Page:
Kym Kemp / Wednesday, Dec. 17, 2014 @ 8:15 a.m. / marijuana
Here are the winners from California’s longest running medical marijuana Emerald Cup. The Cup was started as a friendly competition between neighbors and has grown to become a major trade show that sold out the Sonoma County Fairgrounds with around 10,000 attending Saturday alone.
The Cup encourages growers to up their game—become better at growing, curing and presentation. In a secretive business, this chance to see multiple final products is a unique education for growers and the public alike.
There were several different competitions but the bud contest draws the most entries and the most interest. Number one in both the Breeder’s Cup and the Emerald Cup is Jose Pianato with Sweet Serenade. This Indica/Sativa cross was bred and grown in Mendocino from a seed. Below is a photo taken of a sample bud for CannCast (This reporter is speculating that this small bud is a section of a larger and better manicured bud.) A photo and test results for many entries can be seen on their website.
Place Entry # Collective Cultivator Strain
Below is the Judges’ list which includes the compiled description (often somewhat comical or horrifying depending on how seriously you take the reported flavors which include dirty armpit, tangerine, cinnamon toast, pre-school locker room and some kid pissed his pants.
1st 9 HHF Joe Peinado Sweet Serenade
solid big buds densely packed with crystals - cardamon and eggnog, zabaglione, rich full flavor, cherry turpentine, subtle changes throughout the joint, big expansion and a clear mental high. Good for creative focus.
2nd 164 HHF Mean Gene Mendo/Aficionado Black Lime Reserve
Big Brachs Beauty
Strong gasoline smell
Comes in waves
3rd 347 OrganiCann,SRosa Star Cheese
Emerald Green & light brown hairs firm bud
poopy deep stink/roasted peppers/very strong/rose lavender/ dried mango w/a touch of mint/delicious all the way through
Open headed high/happy thinking person’s high/put me in a space zone & got me really high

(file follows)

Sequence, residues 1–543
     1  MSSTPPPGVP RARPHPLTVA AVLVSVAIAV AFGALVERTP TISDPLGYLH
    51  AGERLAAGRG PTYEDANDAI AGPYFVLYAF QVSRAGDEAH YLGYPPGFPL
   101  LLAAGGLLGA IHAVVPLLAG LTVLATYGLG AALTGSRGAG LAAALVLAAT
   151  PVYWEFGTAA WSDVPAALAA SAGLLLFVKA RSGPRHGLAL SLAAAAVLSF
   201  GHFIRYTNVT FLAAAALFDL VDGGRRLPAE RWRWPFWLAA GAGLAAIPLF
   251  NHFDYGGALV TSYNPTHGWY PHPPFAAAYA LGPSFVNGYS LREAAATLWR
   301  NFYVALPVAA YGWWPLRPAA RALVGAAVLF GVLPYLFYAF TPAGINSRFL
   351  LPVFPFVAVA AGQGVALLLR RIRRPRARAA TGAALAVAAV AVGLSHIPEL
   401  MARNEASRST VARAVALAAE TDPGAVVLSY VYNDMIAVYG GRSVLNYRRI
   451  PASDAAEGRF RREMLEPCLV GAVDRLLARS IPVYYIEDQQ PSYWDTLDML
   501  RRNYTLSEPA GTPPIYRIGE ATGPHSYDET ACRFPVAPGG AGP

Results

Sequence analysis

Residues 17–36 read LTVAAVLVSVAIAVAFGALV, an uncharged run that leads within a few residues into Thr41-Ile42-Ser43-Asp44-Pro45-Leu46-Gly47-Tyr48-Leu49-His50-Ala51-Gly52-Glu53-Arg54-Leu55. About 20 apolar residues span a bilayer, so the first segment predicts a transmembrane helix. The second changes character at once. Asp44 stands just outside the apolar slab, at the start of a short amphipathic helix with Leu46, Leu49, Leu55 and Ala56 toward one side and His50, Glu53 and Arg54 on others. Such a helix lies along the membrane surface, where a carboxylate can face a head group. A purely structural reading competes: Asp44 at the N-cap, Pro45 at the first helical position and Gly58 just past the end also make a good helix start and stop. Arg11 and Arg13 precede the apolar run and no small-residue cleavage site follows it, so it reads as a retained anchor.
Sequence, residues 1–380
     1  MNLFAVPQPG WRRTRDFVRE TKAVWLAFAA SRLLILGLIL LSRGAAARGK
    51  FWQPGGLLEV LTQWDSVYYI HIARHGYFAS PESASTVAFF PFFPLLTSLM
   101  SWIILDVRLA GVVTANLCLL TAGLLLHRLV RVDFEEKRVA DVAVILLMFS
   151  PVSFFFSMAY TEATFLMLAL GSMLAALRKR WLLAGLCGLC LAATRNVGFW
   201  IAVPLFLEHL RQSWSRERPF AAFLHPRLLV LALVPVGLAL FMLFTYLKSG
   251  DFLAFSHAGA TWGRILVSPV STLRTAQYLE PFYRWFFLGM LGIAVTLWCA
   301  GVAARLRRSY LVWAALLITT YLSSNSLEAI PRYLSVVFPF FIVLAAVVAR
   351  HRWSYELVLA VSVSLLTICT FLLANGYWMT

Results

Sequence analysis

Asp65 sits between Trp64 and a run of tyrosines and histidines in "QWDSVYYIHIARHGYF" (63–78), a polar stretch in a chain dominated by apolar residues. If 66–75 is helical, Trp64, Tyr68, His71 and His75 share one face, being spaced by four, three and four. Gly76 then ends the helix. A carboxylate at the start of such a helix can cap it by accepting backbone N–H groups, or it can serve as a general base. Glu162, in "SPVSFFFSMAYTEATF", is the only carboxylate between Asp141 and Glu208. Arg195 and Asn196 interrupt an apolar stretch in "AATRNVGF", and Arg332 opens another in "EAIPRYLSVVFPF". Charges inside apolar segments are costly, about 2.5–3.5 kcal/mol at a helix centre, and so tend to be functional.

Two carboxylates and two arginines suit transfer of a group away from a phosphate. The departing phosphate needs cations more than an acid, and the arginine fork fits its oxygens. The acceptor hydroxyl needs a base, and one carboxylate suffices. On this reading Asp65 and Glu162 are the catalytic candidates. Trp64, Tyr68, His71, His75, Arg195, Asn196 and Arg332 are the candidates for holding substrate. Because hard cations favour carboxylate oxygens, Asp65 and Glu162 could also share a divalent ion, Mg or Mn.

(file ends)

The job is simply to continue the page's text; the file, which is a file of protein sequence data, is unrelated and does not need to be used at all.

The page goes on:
4th 24 Peace In Medicine S Rosa Juan Lopez SFV-OG (San Fernando Valley OG)+
tight trim loaded with golden trichomes
super strong pine&mothballs
Stinky minty dirty armpit - & it tastes like it smells! Tastes stony
loose jaw and brain spiral/ vibratory head stone/good social weed
5th 470 HHF Terp Hogz Zklittez
Symmetrical shape tight trim
smells like Tangerine juice and tequilla with some lime
tastes like candy cane/full smoky rich flavor
nose ticker/full-headed high
6th 570 HHF 3rd Gen Family & Dyingbreed Zklittez #8
Seeds & Terp Hogz
Hairspray and tangerine
7th 505 HHF Tar Hill Cannabis Reserve
Sparkly sticky dark green frosty coating
smell: chocolate hash with raspberry sauce/fruity&fuely
Tastes like it smells plus piney/peppery butterscotch
Clear head and bright eyed
8th 82 HHF Pearly Sweetcakes Clementine
Tight bud and good trim/bright orange hairs
smell lemon bars & naugahyde
tequilla aftertaste/key lime pie/airplane glue/stinky socks - phew!
Slow down and feel good!
9th 611 WonderLand, LA Karl Witt & Eden Farms Durban Poison
Pretty girl with big brachs
smells like yummy peach brandy - intoxicating
taste apricot nectar &old books/very smooth month aftertaste/smoked to the very end
full body take off on 4th hit/strong sensory awareness and big fun
10th 301 (288?) HHF Mean Gene, Mendo Cherry Limeade #9
Blonde inside tight firm bud
Smells like tangerine/cinnamon toast/pre-school locker room(& some kid pissed his pants)
Tastes like grapefruit and cherry
Kym Kemp / Tuesday, Dec. 16, 2014 @ 9:42 p.m. / Crime
Reportedly, two individuals have been shot and are located at widely different points along Highway 36. A report of gunshots fired came across the scanner around 8:45 p.m. According to the subsequent scanner traffic, one victim, a female, was said to have been wounded in the arm in the Church Lane area of Carlotta Swain’s Flat. Scanner traffic indicates that the woman appears at this point to be stable.